The showdown in Houston, Texas of recent weeks – over efforts by city officials to subpoena the communications (including sermons and private emails between congregants) of five local pastors whom officials blame for inspiring opposition to their recent public bathroom law – is drawing wider national attention to the implications of that law and others like it.
More specifically, it has people wondering what giving members of both sexes open access to the other gender’s bathrooms will mean for men, women, and especially children impacted by such laws.
It’s a growing problem, as witness the fact that Alliance Defending Freedom attorneys recently had to send letters to school districts in three different states – Minnesota, Wisconsin and Rhode Island – urging administrators to reject new rules requiring schools to give children – yes, children – of both genders free access to each others’ bathrooms.
The ADF letters explain that, contrary to what some mistakenly believe, no federal law requires public schools to allow boys into girls’ restrooms or girls into boys’ restrooms. In fact, by opening all bathrooms to both sexes, school officials could be opening themselves to legal liability for violating students’ privacy rights and placing children in potentially unsafe conditions. The letters also offer the districts an alternate policy that addresses the concerns which prompted the problematic policies but don’t require sharing bathrooms and locker rooms.
“Schools can accommodate a small number of students that have different needs without compromising the rights of other children and their parents,” says ADF Senior Legal Counsel Jeremy Tedesco. “No child should be forced into an intimate setting – like a bathroom or a locker room – with a child of the opposite sex. Our model policy provides a solution without exposing schools to liability and children to threats to their privacy and safety.”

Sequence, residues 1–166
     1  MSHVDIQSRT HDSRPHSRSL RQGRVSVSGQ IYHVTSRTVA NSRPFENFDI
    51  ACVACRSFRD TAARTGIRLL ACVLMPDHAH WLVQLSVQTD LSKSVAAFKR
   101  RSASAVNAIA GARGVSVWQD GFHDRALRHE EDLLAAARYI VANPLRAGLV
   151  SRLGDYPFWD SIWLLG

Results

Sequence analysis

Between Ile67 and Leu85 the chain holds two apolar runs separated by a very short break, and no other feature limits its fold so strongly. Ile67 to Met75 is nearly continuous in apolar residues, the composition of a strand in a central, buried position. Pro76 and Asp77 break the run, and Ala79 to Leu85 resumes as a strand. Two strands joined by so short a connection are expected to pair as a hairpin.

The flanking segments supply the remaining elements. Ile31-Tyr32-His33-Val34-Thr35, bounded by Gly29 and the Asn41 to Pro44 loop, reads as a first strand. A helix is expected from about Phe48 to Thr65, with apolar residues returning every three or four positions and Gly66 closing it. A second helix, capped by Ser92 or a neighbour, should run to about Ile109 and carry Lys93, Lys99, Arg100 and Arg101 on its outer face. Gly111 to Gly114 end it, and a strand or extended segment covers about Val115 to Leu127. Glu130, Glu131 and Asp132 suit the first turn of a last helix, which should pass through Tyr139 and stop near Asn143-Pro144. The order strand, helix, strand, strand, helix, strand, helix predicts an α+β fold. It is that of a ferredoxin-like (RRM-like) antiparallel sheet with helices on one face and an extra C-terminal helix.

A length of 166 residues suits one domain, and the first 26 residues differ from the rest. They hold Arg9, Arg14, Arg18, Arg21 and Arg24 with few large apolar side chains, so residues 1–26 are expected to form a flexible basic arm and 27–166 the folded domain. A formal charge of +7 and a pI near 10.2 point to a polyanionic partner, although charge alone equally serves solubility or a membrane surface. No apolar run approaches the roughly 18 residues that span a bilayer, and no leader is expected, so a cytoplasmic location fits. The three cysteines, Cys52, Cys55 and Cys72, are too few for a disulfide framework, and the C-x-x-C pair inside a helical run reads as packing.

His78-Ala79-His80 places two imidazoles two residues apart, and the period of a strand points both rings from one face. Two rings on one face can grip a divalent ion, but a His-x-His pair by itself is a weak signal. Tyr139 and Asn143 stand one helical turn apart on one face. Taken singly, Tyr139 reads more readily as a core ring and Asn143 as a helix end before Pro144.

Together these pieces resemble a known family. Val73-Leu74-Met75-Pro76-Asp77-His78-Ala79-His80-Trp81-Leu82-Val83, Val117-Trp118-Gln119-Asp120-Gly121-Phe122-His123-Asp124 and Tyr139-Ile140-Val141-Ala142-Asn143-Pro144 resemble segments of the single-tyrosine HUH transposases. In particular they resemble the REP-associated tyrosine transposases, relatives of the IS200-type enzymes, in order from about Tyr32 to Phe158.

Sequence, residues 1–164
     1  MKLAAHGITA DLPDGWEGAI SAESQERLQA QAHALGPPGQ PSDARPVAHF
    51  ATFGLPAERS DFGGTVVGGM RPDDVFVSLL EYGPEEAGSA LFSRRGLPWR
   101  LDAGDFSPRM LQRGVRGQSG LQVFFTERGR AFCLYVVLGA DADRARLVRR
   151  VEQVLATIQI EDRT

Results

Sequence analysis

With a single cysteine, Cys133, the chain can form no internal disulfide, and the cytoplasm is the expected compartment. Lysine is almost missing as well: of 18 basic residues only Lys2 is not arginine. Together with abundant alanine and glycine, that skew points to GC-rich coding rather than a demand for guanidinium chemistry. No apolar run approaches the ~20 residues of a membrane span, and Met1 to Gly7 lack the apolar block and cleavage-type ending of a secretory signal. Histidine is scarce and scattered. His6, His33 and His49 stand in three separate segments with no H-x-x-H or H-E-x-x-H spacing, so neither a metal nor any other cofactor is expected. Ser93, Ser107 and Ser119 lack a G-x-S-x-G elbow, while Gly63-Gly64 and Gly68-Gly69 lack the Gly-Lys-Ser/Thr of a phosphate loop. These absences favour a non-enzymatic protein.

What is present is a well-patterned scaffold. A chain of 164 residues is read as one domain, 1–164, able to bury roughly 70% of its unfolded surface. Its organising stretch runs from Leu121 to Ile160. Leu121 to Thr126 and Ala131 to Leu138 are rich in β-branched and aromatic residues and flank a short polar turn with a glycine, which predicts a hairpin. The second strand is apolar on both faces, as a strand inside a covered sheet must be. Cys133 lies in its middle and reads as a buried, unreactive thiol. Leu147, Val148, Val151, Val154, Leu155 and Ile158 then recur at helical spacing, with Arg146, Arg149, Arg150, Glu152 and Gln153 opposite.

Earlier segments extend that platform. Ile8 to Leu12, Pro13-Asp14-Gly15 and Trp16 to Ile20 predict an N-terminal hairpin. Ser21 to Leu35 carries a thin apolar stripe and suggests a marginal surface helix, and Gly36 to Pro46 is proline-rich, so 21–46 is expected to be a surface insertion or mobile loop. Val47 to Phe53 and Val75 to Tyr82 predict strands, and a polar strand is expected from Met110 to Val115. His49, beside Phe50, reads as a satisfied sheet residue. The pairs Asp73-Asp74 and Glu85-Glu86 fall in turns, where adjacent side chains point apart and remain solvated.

The Minnesota letter makes special mention of the fact that athletic associations which include private, religious schools as members have no authority to violate the constitutionally protected religious freedom of those schools by demanding they adhere to these “free access” policies.
For many Americans, the very idea that these kinds of legal challenges are upon us is hard to fathom. The privacy and safety implications of giving people of the opposite sex ready access to a gender-designated public bathroom – a place in which individuals feel particularly vulnerable and isolated – are so obvious as to hardly need elaboration.
And the fact that those pressing this activist agenda are willing to sacrifice the vast majority of women’s and children’s’ rights and dignity to satisfy it speaks volumes about the self-absorption and single-minded intent of that agenda.
The overwhelming response of the people of Houston against the free access public bathroom policy steamrolled into law by that city’s leaders – and the determination of those leaders to ignore their clear legal obligation to put the issue to a public vote – are a clear indication of where this conflict is heading, for schools and cities all over America.
Please be in prayer for our clients, and for ADF attorneys, as they move to get in front of this issue, and for the men, women, and particularly youngsters – like your children and grandchildren – already endangered by these laws nationwide.